My view is not new. It has been expressed in the 1977 education commission findings, a commission chaired by Prof. Torsten Husen. The central core of its recommendations were aimed at redressing the historical imbalances brought about by Botswana’s position as a British protectorate. The commission therefore recognised in its preliminary pages that: “For 81 years until 1966 Botswana was the Bechuanaland Protectorate under British rule. Not surprisingly, the institutions and culture of the colonial power were imposed on the country.  To some extent the indigenous culture became submerged and many Batswana were encouraged to believe that their own cultural inheritance was inferior to that imported by the British. With Independence has come the opportunity to reassess this situation, to reassert the national identity, and to build a society which gives expression to the noblest values from the past.” (1977:11).

The commission therefore recommended that there was a need to “reassert the national identity and to build a society which gives expression to the noblest values from the past”. To create a unified nation and reinforce national cultural identity, the commission identified language in the educational system as a critical component. It argued that: “Language is one means by which cultural identity is strengthened, but education provides other ways to inculcate in every Motswana a sense of pride in and identification with his or her cultural heritage. … The education system should orient young people toward the social, cultural, artistic, political and economic life of their unique society and prepare them to participate proudly in it” (1977:12).

Setswana was therefore identified as a language to be used to foster national unity and national cultural pride. Every Botswana national was urged to rally behind the national language. “The pursuit of unity calls for every Motswana to appreciate his or her rights and responsibilities as a citizen of Botswana, to become fluent in the national language, and to take pride in the national cultural heritage” (1977:30).

“Secondly, the curriculum of the school must stress national unity and national identity. A fundamental requirement is the national language, Setswana, must be mastered by all, for it is an essential means of communication between Batswana, and is the medium through which a great deal of the national culture is expressed” (1977:31).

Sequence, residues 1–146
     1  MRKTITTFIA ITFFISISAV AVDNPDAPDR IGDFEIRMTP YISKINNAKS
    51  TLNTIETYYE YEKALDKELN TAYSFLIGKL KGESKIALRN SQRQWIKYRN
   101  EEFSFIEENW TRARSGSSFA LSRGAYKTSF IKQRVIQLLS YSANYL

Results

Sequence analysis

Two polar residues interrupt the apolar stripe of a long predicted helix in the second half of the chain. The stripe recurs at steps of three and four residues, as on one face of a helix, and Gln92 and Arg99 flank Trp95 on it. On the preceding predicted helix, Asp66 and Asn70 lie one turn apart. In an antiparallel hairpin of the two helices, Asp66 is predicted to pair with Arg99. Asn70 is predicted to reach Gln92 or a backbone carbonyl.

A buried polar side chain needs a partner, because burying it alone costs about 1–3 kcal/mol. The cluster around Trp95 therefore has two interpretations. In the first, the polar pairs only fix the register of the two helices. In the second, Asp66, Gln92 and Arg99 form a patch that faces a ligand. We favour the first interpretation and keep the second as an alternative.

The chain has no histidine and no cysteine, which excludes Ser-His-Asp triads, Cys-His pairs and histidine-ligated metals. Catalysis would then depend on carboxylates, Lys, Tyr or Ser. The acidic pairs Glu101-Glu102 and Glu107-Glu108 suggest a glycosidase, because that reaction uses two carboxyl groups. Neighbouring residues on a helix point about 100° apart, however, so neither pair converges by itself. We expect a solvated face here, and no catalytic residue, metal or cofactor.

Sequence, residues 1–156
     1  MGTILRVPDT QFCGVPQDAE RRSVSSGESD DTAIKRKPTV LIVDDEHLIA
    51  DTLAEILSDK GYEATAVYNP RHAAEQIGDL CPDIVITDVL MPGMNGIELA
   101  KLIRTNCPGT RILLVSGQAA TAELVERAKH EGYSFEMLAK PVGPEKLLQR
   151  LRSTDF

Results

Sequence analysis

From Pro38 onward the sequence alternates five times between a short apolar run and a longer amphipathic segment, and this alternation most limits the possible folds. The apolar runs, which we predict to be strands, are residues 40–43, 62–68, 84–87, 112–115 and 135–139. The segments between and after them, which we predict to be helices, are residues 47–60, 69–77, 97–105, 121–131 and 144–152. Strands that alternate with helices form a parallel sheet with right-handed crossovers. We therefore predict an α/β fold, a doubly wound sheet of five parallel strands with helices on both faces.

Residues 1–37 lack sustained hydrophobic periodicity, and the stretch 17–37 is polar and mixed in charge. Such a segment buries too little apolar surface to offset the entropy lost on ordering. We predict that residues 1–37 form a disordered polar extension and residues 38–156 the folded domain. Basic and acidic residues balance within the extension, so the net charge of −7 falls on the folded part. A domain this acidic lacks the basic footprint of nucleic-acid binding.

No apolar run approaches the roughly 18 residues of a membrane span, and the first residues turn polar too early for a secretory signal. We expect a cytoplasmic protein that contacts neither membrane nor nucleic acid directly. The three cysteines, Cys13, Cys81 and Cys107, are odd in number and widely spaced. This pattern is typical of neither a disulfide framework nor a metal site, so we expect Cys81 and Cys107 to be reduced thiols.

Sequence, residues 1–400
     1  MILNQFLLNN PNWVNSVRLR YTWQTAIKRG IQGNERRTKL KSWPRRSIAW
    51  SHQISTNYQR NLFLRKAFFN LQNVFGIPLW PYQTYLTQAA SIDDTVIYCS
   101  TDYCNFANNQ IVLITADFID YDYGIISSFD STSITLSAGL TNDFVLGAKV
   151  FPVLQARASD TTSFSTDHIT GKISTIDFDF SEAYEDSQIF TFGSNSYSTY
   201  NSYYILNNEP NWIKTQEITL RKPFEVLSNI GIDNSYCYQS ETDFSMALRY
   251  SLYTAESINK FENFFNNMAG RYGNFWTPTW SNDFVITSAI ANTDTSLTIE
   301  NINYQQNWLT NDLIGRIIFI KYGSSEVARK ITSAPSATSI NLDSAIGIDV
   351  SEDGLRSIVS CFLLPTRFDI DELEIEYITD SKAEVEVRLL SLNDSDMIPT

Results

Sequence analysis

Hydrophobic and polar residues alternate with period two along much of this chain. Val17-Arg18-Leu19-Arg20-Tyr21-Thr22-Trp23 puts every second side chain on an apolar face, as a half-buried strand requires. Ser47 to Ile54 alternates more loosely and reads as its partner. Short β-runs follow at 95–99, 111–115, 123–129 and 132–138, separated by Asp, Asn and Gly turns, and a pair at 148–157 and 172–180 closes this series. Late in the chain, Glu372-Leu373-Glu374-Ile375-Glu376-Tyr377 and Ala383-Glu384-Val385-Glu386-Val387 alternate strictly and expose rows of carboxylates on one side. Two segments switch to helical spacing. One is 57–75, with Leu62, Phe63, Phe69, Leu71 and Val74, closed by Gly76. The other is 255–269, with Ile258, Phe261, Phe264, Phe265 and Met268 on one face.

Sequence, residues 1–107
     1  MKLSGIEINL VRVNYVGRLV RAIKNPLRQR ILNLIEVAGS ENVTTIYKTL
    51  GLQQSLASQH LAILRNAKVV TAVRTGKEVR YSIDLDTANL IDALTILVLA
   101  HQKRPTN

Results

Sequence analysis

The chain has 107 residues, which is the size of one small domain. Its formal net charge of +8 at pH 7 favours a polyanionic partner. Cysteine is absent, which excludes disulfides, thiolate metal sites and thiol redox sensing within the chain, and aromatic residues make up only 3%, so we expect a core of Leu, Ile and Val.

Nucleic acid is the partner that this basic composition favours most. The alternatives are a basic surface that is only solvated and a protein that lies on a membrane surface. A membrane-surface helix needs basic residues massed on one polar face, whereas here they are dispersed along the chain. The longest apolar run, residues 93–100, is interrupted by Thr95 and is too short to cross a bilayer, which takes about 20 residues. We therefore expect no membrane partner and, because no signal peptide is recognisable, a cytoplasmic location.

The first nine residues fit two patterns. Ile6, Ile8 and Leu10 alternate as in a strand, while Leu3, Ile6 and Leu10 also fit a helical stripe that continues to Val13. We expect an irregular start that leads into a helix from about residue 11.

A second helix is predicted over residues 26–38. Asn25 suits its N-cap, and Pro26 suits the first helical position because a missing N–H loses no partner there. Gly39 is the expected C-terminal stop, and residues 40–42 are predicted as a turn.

Additionally, Setswana has been chosen by ACALAN (The Academy of African Languages) as one of the first working cross-border languages and the vehicular cross-border languages which should be given priority in the southern African region. ACALAN is an arm of the African Union, created in 2001 to deal with the growing efforts of promoting the African languages as tools of development and regional integration in Africa. Out of the 2,130 languages spoken in Africa, it was discovered that 396 are cross-border languages, that is, they are spoken across national boundaries. Setswana was identified to be one of these languages. The African Union is interested in promoting and developing these 396 languages to use them in promoting regional development and integration. In southern Africa Setswana and Chinyanga have been selected as the first regional languages to play the role of regional development and integration. The two languages were chosen for the southern African region on the basis of their broad use in several countries. This includes their extensive use in public domains, their success in attracting second language speakers, their national/official status and their levels of technicalisation and standardisation. Setswana now has an African Union Language Commission made up of language experts/promoters, writers and cultural promoters. Setswana has therefore overall African, and not just national relevance. Because of such relevance, Setswana deserves a unique position in Botswana as an official language. I must conclude. My conclusion appears in the introduction.